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Illustration by Matt Manley of man looking through a square frame, hidden by shadows.

          I was fortunate to be born into a family that emphasized the importance of story.
          The first story they told me was my name. Next came my great-grandfather cutting watermelon into quarters as he and my father walked a field in Kentucky. Then came my mother running and jumping on the basketball court, powerful and balanced.
          Growing up, my little brother, Nathan, and I shared a room. Both Dad and Mom would come and read to us. They sat on the floor...

Illustration by Matt Manley of man looking through a square frame.

          What else do we have except story? To say how we love one another. To offer comfort. To prepare for grief, for suffering. To try to remember joy.
          In the beginning was the word and the word was made flesh. And what were those words? Mostly the language of the body. Breast and thigh, curve of back, ankle’s stem and neck’s graceful turn like the limb of a willow nudged by the wind.
          We were young, only twenty-three when we...

Art by Matt Manley

    I wrote “I, Beast,” a poem honored by the North American Review, after reading a New York Times article in 2014, which explained that the soil in one particular Russian city had preserved ancient documents, some as mundane as a shopping list and a child’s fanciful drawing. The drawing was made in approximately 1260 by a boy named Onfirm, believed to be six to seven years old and includes the words, “I, beast,” as well as the...

Illustration by Matt Manley

     The Polish government designated it the Year of Zbigniew Herbert and organized a celebratory reading at the Polish Embassy in DC, where a handful of Polish American poets read and discussed his singular influence. I read a Herbert-influenced poem along with an excerpt from my translation of Pan Tadeusz, the great nineteenth century Polish Romantic epic—the scene where all nature and all the inhabitants of Lithuanian Poland react to the advancing Napoleonic forces with an eerie...

Art by Tom Moore

 

Not the Thing but a Fossil of the Thing

 

Fern fronds fletched like a feather etch ache into gray slate,    

five petals float in a now-unbound crown,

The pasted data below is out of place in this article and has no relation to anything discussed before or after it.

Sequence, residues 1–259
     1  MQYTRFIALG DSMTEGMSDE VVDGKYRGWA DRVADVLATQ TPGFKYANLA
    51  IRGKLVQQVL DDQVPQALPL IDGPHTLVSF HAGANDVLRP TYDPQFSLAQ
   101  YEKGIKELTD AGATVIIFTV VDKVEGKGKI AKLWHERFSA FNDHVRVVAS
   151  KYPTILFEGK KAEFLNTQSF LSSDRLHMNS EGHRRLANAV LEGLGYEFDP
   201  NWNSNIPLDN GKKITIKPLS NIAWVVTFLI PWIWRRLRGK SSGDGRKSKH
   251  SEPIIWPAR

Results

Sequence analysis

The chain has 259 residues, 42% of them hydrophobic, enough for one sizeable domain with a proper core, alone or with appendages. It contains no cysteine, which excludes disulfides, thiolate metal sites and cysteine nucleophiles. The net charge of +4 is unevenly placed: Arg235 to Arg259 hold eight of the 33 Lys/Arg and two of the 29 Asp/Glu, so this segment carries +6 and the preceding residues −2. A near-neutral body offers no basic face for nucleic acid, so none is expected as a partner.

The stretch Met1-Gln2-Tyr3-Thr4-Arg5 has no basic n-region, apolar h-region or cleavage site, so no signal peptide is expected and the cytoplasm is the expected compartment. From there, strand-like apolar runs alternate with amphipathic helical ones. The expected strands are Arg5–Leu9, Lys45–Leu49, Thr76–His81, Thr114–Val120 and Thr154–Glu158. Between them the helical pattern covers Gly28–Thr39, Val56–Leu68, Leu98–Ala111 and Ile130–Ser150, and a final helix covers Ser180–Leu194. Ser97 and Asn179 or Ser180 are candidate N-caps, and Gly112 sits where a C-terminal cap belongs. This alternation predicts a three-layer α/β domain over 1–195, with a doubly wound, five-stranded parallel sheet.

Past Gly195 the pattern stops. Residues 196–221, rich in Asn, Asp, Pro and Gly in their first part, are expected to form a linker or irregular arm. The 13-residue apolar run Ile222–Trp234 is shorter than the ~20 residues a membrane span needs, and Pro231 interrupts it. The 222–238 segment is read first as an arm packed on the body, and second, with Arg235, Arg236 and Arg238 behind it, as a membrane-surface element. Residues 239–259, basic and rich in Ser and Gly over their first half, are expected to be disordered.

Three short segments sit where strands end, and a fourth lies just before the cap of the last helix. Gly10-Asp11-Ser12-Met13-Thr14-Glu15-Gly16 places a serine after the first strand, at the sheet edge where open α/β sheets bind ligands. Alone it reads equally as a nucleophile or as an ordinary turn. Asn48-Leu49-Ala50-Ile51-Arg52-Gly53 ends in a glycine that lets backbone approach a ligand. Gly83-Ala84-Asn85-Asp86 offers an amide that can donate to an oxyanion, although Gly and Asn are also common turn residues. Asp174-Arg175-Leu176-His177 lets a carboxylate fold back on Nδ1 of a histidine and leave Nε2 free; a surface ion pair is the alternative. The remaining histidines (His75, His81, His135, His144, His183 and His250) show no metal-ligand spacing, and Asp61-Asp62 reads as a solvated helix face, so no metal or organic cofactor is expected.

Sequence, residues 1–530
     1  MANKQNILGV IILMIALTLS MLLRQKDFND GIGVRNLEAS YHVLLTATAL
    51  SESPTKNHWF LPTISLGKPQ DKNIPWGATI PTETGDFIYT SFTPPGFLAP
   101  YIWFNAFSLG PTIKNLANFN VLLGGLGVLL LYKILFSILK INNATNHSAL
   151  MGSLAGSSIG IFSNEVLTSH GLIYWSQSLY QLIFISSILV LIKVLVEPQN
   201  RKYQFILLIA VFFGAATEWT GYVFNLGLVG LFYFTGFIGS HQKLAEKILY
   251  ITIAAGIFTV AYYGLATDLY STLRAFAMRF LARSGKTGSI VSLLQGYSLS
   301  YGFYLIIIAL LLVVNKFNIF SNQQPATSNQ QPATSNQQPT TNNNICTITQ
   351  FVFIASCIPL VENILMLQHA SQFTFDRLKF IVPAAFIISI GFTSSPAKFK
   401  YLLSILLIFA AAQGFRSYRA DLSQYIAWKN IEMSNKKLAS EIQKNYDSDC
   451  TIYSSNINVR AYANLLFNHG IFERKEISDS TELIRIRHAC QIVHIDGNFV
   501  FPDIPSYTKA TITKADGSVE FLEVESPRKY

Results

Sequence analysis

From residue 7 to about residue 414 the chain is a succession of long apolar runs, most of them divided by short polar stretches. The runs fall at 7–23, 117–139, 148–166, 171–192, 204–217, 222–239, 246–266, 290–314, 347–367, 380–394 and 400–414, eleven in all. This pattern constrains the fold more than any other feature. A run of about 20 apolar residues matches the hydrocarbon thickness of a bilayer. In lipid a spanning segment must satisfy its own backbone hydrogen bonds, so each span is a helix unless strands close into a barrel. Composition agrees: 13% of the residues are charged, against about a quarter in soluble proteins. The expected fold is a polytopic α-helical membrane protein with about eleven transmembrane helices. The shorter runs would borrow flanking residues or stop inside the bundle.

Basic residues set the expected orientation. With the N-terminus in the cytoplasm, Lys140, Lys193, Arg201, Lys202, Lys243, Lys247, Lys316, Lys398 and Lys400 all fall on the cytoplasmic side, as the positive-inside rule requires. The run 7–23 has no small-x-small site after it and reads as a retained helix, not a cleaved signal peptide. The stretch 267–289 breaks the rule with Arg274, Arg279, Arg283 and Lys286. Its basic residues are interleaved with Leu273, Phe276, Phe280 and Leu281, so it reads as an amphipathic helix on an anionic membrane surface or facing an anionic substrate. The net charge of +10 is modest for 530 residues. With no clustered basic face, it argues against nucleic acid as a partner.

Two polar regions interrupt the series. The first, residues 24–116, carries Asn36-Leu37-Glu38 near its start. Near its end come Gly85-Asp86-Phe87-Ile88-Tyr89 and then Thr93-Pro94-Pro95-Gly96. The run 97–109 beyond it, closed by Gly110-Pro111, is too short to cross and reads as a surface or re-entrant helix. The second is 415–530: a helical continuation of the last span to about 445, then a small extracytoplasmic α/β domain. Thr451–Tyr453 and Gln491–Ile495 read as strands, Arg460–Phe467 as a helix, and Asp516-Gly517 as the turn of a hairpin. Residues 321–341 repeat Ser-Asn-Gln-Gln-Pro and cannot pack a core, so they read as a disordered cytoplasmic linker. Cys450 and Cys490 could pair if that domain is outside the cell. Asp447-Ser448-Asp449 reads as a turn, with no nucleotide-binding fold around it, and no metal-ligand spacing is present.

a thumb-sized spine curls and fans out to a tail, a spall splits

into stone pages stamped with tree bark

 

repeating like wallpaper, a leaf shines like oiled leather, oblate,

and an ammonite’s dull weight   

 

smells of new snow. A clam...

Illustration by Melanie Lambrick

There have been many writers who could be described, to varying degrees, as Gnostic, but Susan Howe is one of the most important. Just as William Blake’s Gnostic poetry endeavors to break out of the Corporeal realm and into the Eternal, Howe uses the materiality of language, writing, and history to break beyond them into a psycho-spiritual realm, into the transmundane. Her poetry connects with minds on the other side of living.

In her meditation on Chris Marker’s filmmaking, Howe...

Illustration of Candle by Melanie Lambrick

My recent return from yet another AWP (Association of Writers & Writing Programs) Conference, this one in the city where I spent an embarrassing portion of my time as a graduate student haunting second-hand bookstores and dark, empty bars, I’m reminded of what it is that exhausts me about every conference, every workshop, every book fair or reading that I engage in these days:  It’s the people.  I know, I know.  This is not something one admits to if one wants to be successful in the...

Illustration from 295.1 by Li-Ying Bao

As a professor teaching graphic design and digital multimedia development, I also really enjoy creating illustrations for the literary magazine North American Review.  I regard both illustration and graphic design as means of public visual communication which enhances the impact of the message from the authors, the information initiators, to the audiences, the information receivers.  The designers and illustrators are the mediators in such a triadic relationship to solve the visual...

Art by Christian Blaza

Humans in general could benefit from perspective taking, but Americans in particular could use a hefty dose. Our breadth and diversity slims the likelihood of any singular, epitomal American experience, and as such, the ability to compromise with one another, using a basis of mutual understanding to inform our actions, underpins American peace and progress. This mutual understanding requires a consistent personal labor of listening and imagining, imagining what it must be like to experience...

Photography by Chris Highland

"A New, Secular Scripture”

Naturalist John Burroughs wrote, “The book of nature is like a page written over or printed upon. . .in many different languages. . . We all read the large type [with appreciation], but only the students and lovers of nature read the fine lines and the footnotes.” (Leaf and Tendril, 1908).  John Muir spoke of “Nature’s Bible” and radical reformer Frances Wright, in her lectures in 1829, shocked her audience with the words: “The true bible...

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